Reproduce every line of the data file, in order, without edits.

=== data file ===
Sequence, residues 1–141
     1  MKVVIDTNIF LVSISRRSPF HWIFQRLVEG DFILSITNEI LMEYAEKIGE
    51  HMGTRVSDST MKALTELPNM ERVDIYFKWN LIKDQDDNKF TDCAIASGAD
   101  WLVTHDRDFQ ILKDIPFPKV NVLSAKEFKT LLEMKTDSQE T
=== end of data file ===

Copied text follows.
Sequence, residues 1–141
     1  MKVVIDTNIF LVSISRRSPF HWIFQRLVEG DFILSITNEI LMEYAEKIGE
    51  HMGTRVSDST MKALTELPNM ERVDIYFKWN LIKDQDDNKF TDCAIASGAD
   101  WLVTHDRDFQ ILKDIPFPKV NVLSAKEFKT LLEMKTDSQE T